RedRoseChainFirst, of course, is Seanan McGuire. Have I not yet convinced you to read the October Daye series? If not, it can only be because I don’t talk to you enough because YOU NEED TO READ IT. Look: Book Smugglers even just posted an October Daye primer. I’ve said it before and I’ll say it again, every book in this series seems better than the last, and I’m not really sure how that is possible. McGuire continues to build this world and the growing central family (well, chosen family) of characters masterfully. This year’s installment is A Red-Rose Chain, which throws Toby into the role of diplomat–yes, Toby, whose preferred approach to diplomacy is to hit things until they stop being a problem–in the hopes of averting a war between faerie kingdoms. Thank goodness she has her friends to help her. In addition to taking us deeper into the politics of faerie, we also learn a lot more about Walther’s background. He turns out to be much more than a faerie chemist/forensic science whiz.

PocketApocalypseThis year also brought another installment in the InCryptid series, Pocket Apocalypse. This is the second book from Alex Price’s perspective, and while he’s not as outrageously fun and adventurous as Verity, his much more scientific approach to studying and protecting cryptid communities definitely has its own strength. This book has him following his girlfriend and fellow cryptozoologist Shelby to her home in Australia, which has its own very unique ecosystem… and a somewhat broken approach to dealing with its cryptid communities. Soon after they arrive, they find themselves fighting a werewolf outbreak, a potentially disastrous occurrence for an island ecosystem. Will Alex be able to convince the historically suspicious Australian cryptozoological community to follow his lead before it’s too late? And, even more importantly, what will the Aeslin mice think of Australia?

FoxgloveSummerContinuing in great new additions to ongoing series, Ben Aaronovitch’s latest book in the Rivers of London series: Foxglove Summer. This book sends the quintessentially urban Peter Grant out of London to look into the disappearance of two young girls in rural Herefordshire. Though the case doesn’t look obviously magical, Peter can’t shake the feeling something is going on, so he stays to help. This volume takes on much more of the feeling of a police procedural, a la Midsomer Murders, but with the addition of magic, of course. This book doesn’t do a lot to advance the question of what Peter and Nightingale will do about the shocking ending to the previous book, but I felt it deepened the world by showing us details outside of London’s urban context. (Don’t worry, Beverly Brook still shows up. He’s not that far from London.) I’m eager for the next book; I worry that the more relaxed atmosphere of this one was just lulling Peter and the reader into a false sense of security.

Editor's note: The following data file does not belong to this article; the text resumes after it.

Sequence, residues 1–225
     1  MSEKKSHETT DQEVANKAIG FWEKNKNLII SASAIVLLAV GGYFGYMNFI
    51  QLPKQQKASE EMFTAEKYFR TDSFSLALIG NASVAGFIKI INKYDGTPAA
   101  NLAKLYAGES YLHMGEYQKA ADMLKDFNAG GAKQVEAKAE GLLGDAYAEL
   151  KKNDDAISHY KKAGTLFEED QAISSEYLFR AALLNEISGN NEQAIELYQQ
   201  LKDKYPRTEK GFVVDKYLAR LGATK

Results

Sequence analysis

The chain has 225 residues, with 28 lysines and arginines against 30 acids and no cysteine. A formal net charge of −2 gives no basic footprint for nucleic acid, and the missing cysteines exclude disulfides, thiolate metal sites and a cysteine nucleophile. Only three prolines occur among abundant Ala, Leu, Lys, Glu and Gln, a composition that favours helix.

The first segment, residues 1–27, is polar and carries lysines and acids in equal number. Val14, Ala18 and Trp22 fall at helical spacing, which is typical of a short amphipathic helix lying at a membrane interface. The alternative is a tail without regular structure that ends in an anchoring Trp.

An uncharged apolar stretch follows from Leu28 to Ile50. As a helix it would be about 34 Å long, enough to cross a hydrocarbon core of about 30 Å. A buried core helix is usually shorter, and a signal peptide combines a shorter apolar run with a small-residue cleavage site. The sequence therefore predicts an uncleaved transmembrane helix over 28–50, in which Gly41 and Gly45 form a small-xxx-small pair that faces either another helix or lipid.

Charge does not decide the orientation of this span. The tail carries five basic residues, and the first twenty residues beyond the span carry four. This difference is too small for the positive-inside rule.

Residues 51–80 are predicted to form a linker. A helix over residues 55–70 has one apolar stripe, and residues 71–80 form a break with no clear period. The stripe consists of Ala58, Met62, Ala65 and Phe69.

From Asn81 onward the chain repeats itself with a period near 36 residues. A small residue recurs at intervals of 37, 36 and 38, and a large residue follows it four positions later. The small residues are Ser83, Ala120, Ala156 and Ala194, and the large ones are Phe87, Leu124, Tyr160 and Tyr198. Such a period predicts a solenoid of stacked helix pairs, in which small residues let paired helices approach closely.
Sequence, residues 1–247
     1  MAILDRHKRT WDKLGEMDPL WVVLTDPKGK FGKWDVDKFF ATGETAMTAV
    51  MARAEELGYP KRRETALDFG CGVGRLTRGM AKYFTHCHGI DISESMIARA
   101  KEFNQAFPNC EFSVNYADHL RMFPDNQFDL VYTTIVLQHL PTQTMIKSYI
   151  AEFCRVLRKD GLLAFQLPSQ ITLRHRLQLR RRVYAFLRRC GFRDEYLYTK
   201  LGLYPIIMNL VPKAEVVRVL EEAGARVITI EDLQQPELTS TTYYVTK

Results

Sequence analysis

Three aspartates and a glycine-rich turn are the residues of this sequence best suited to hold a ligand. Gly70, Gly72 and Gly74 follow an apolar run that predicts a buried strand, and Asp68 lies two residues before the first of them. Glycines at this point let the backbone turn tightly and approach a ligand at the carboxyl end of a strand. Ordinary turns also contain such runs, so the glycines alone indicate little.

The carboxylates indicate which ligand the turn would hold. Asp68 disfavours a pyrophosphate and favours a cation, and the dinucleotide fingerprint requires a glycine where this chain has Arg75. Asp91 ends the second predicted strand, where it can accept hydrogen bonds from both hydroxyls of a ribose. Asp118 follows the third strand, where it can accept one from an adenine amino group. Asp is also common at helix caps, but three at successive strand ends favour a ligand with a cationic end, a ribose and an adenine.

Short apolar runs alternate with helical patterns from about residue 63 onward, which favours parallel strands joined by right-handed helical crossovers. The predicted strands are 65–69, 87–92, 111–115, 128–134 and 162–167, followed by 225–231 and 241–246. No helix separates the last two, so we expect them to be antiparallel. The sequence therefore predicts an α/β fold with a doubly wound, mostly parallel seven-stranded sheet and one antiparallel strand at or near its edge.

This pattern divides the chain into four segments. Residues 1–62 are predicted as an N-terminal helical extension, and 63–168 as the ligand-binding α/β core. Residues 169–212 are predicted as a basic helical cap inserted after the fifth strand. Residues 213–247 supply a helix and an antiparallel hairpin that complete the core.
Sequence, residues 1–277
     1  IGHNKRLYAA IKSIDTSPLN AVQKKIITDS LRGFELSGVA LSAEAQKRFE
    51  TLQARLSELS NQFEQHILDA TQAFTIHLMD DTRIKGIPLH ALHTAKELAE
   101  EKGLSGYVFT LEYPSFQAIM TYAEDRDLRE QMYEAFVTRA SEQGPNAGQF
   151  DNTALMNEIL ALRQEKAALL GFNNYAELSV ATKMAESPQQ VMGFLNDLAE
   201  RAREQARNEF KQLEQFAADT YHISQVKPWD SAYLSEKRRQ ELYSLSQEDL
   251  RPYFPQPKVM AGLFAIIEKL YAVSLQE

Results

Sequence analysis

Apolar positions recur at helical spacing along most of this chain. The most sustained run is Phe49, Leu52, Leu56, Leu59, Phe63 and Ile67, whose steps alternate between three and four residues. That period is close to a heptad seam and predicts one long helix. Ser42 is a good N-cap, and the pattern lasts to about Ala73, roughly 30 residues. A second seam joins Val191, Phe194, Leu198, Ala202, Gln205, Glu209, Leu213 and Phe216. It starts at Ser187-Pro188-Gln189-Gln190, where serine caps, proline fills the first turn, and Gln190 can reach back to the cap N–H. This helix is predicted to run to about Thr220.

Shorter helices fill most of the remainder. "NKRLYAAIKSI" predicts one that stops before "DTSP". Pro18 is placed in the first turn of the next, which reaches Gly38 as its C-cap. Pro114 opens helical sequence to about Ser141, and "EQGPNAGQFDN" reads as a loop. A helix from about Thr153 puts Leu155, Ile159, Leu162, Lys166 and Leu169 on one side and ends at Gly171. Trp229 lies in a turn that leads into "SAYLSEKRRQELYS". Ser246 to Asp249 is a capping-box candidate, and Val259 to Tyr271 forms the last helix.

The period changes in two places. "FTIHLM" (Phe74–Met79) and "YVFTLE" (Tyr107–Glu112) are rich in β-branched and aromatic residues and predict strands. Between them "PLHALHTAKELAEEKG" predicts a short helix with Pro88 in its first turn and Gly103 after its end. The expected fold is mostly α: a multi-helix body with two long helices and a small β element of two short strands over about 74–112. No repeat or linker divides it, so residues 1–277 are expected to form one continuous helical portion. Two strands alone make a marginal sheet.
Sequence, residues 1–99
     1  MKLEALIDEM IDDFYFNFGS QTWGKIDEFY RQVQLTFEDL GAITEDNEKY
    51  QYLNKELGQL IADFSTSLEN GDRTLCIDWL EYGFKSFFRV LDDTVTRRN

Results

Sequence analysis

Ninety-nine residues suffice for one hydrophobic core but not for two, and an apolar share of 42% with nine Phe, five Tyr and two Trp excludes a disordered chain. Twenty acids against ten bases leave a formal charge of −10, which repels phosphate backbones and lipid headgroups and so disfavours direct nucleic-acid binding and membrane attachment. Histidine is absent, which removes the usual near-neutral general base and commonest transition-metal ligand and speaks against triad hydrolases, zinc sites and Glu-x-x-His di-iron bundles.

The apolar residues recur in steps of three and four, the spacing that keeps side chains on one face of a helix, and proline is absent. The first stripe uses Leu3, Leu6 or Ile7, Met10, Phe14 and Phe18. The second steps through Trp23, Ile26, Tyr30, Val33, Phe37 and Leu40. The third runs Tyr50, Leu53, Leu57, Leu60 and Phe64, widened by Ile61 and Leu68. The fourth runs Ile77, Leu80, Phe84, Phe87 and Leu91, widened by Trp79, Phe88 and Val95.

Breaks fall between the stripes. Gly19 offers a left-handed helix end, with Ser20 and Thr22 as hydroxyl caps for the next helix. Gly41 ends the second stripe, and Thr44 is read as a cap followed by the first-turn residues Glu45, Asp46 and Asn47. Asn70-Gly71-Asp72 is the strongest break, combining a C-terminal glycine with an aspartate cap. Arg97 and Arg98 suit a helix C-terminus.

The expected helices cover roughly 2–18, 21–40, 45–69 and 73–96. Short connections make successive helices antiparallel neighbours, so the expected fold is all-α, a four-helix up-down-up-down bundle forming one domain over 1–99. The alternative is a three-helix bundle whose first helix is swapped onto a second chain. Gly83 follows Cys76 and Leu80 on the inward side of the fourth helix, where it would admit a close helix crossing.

HalfResurrectionBluesThe new series I started in 2015 was Daniel José Older’s Bone Street Rumba series, which kicks off with Half-Resurrection Blues. As you may be able to guess from the series and book titles, the magic featured in this version of New York draws heavily from the African/Caribbean vodun traditions. The main character, Carlos, acts as an agent for the New York Council of the Dead. He is particularly suited to his task because he is an inbetweener, partially resurrected from a death he can’t really recall. He has no memory of who he was before. As far as he knows, he’s also the only inbetweener around. Until, of course, he meets a woman who seems just like him. What’s more, she seems to hold the key to all the disturbances going on in the spirit world of New York at the moment. I think this series pairs interestingly with the Rivers of London, in that both feature male characters who are a little out of their depth magic-wise, but who operate comfortably in the highly multicultural environment of two of the largest and most often fictionalized cities in the world. Bone Street Rumba, though, definitely has a darker edge than the Rivers of London, and I don’t feel like I have a good handle on the world yet, being only one book in. Then again, it doesn’t seem like Carlos really knows what’s going on either, so I clearly need to go get the next book to find out what more he can learn!